A study by Qin Yu and Kun Qu, led by Yorgo Modis, Molecular Immunity Unit, Department of Medicine, yields insights on how the innate immune system recognises viral genetic material during infection, and how this material is distinguished from chemically similar components inside the host cell. Published in Molecular Cell, the authors examined how the innate immune sensor MDA5 recognizes viral double-stranded RNA (dsRNA), a potent proinflammatory signature of viral infection.
Using a combination of structural and biochemical approaches, including cryo-electron microscopy (cryoEM), they show that MDA5 undergoes a series of conformational changes as it binds and hydrolyzes ATP after binding to an RNA ligand. The conformational changes test the physicochemical properties of RNA ligands bound to MDA5, such that viral RNAs are more likely to remain associated with MDA5 and activate an immune response. Any bound cellular RNAs are more likely to dissociate from MDA5 as the ATPase cycle proceeds.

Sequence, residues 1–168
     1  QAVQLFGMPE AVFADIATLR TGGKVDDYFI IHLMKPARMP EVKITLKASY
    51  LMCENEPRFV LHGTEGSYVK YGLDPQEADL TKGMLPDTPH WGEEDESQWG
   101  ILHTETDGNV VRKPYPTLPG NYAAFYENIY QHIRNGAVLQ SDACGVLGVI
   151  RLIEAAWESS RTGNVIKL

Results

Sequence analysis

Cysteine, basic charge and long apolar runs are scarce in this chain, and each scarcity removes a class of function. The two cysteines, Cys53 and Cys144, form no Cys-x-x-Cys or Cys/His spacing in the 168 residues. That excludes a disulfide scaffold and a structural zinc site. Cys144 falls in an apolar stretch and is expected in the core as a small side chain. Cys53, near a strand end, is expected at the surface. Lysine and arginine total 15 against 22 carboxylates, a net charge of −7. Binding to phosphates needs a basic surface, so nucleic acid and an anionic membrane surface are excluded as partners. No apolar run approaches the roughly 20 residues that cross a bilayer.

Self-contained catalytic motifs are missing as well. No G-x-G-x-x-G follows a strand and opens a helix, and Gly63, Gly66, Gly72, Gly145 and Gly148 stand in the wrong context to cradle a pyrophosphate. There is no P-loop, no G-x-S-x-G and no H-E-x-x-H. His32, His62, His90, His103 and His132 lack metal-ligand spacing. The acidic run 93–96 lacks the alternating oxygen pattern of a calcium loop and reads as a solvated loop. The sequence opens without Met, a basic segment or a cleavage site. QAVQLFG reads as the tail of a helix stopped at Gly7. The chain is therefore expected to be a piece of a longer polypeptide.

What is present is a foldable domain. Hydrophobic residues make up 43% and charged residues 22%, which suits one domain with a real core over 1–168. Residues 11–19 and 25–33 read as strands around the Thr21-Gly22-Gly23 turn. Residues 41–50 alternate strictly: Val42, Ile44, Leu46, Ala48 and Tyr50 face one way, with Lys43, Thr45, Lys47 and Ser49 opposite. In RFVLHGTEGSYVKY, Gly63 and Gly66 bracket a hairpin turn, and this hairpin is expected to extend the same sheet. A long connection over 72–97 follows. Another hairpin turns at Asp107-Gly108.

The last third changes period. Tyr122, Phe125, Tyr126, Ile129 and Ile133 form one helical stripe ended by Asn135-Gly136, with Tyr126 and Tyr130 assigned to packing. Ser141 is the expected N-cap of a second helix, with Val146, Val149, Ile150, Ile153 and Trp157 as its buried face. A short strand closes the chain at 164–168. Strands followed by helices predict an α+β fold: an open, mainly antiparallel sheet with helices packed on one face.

The authors propose that this mechanism confers MDA5 with proofreading activity, allowing it to finely discriminate between viral and endogenous RNA ligands. Mutations that inhibit ATP hydrolysis or promote dsRNA binding by MDA5 have been associated with autoimmune disease. This work has potential predictive value for researchers and for clinicians who are likely to encounter patients with new mutations in MDA5.